After realizing that they are on their own, African mass food markets have not folded their arms but have developed their own financial models to keep their businesses afloat. Although these models have their own limits to be able to take mass markets, traders and other actors to the next levels of business growth, they are better than nothing. For traders graduating from one level of business growth to the next, the greatest barrier has been limited capital and recognition by other key economic actors including policy markets. The following have been part of the financial options:
Own savings: As part of creatively building a saving culture, mass market traders and other actors have become good at separating business from family. Money generated from business is secured in commodity stocks, not banks. Profits range from 10% to 50% but the amounts are sometimes too small due to low commodity quantities they hoard at any given time because of limited capital.
Agent model: some traders have established strong relationships with farmers and this enables them to get commodities from farmers for free, trade on commission ranging from 5-10% and remit money to farmers in a win-win arrangement. In a related arrangement, traders can collect the produce from farmers’ production area or from farmers’ market when farmers bring them to the market (Hello-model). The hallo model is whereby traders take some farmers commodities to trade in the wholesale market while the farmer will be trading the other part of the stock in the farmers’ market. At closure of the farmers’ market, the farmer goes to the trader and say ‘Hello’ to collect the sales of stocks collected by the trader before. The greatest limitation of these models is that traders are not guaranteed of free supplies especially if the commodity is on high demand and there are competitors able to buy for cash from farmers.
Contract model: this is where traders buy inputs for farmers to produce for them and then deduct inputs costs during sale of produce. This model guarantees supply of commodities to the trader but exposes the trader to all risks as s/he invests in both market and production. If production is affected, for example by drought, the trader loses out on invested inputs.
‘Rounds’ model: a group of up to 5 traders come together and make equal contributions, say per day, per week or per month and take turns to take the contributed amount. This provides an opportunity for each member to buy meaningful stocks at once. Sometimes the rounds are disrupted if one member withdraws or fails to own-up the contribution to other members.
Short-term commodity loans: the market has a class of traders with capacity to bulk purchase commodities from farmers. Some small-scale traders then come and borrow stocks for on-ward selling and repay as they take more stocks. The commodity loans are settled by end of each day or the following day, in the case of vendors who sell in residential areas. This model is unviable if a commodity is in short supply and/or in high demand by cash buyers.
How about a revolving fund for mass food market?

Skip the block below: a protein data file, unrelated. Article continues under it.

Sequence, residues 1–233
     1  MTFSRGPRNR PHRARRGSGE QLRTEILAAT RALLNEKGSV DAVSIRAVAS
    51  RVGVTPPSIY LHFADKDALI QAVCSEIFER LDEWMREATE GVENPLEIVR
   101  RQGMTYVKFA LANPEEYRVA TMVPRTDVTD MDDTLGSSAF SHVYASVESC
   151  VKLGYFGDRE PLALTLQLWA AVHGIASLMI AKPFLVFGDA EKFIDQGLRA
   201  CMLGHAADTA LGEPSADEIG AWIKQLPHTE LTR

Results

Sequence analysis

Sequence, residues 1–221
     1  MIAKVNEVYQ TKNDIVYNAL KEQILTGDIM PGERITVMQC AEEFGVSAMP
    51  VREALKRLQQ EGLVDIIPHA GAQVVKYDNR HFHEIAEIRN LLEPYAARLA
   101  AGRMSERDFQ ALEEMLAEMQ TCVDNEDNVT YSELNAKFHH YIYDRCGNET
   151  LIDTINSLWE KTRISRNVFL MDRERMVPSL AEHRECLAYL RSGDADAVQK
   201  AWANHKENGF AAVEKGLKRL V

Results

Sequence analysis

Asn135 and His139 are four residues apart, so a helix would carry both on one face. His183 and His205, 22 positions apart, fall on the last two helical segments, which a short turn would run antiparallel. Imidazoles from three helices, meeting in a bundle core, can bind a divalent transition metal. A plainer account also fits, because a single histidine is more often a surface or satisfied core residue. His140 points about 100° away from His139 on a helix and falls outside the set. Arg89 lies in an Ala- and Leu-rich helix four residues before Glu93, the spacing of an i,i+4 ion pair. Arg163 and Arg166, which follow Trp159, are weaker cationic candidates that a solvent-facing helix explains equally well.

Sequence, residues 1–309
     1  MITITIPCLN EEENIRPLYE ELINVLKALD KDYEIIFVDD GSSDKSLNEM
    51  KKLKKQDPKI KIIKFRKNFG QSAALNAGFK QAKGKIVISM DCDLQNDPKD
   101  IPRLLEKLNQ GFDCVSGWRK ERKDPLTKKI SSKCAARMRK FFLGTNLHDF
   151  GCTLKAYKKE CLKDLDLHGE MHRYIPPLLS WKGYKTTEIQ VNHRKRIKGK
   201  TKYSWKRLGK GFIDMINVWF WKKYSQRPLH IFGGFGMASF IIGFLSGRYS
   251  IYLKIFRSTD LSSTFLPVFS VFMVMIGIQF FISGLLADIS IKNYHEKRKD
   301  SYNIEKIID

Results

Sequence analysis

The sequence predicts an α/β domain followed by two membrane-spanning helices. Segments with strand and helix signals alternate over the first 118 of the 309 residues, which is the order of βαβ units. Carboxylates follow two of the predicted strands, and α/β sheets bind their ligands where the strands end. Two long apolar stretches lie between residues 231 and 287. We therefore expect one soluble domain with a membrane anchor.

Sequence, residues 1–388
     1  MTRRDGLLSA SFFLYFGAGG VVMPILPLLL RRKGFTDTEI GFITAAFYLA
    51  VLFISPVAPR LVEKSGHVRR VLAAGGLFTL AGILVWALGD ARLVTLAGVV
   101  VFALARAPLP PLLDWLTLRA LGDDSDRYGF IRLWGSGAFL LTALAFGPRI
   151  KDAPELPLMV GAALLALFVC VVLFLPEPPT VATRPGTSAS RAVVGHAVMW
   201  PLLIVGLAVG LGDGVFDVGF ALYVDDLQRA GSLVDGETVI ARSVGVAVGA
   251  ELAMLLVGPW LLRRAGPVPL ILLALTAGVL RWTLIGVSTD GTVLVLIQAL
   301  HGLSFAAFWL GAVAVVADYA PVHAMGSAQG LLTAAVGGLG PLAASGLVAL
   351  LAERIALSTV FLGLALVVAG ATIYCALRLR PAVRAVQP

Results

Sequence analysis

Given barriers to access funding from financial systems by mass markets and traders as discussed above, institutions or individuals keen to finance agriculture through mass food markets should consider setting up an independent revolving fund for mass markets and their actors. The proposed revolving fund should build on already existing functional models in the market while focusing on addressing challenges faced by mass market traders in accessing capital from formal financial systems. The revolving fund can be structured in the following manner:
Provincial Mass Markets Fund: Each province has mass markets located at district centres/growth points, towns and cities. Each market has its own committee that govern respective actors in each market. To that end, each province can be allocated a self-managed provincial fund. Through their committees, the markets can be capacitated to organise traders and other actors who will take turns to access and repay the revolving fund.
Infrastructure development fund: most mass markets lack appropriate facilities for handling commodities. Part of the mass markets fund should be allocated to establishing market facilities like warehouses, cooling facilities and ripening facilities for diverse fruits like avocadoes, mangoes and bananas.
Market-driven production fund: This fund can be for supporting farmers with established relationships and contracts with specific mass market traders. Currently these farmers are supported by traders with inputs. In addition to individual farmers, the fund can also support selected irrigation schemes to produce commodities required by the markets at particular periods.
Vendors’ fund: This fund should target vendors who buy from mass markets for resell in residential areas. All vendors can be profiled from their areas of operation and organised in groups to self-manage their revolving fund.
Too important to be without a funding mechanism
African mass food markets are far too important to be left without a reliable and robust funding mechanism. The same attention given to production should be accorded mass food markets. Thousands of traders who often reach every corner of the country searching for commodities and ensuring farmers earn something for their sweat should be supported financially. While formal companies like grain millers and wholesalers are given foreign currency to import food, no support is given to traders who brave bad roads to collect food from marginalized African communities. Dedicated funding for these important actors can assist in building resilient food systems.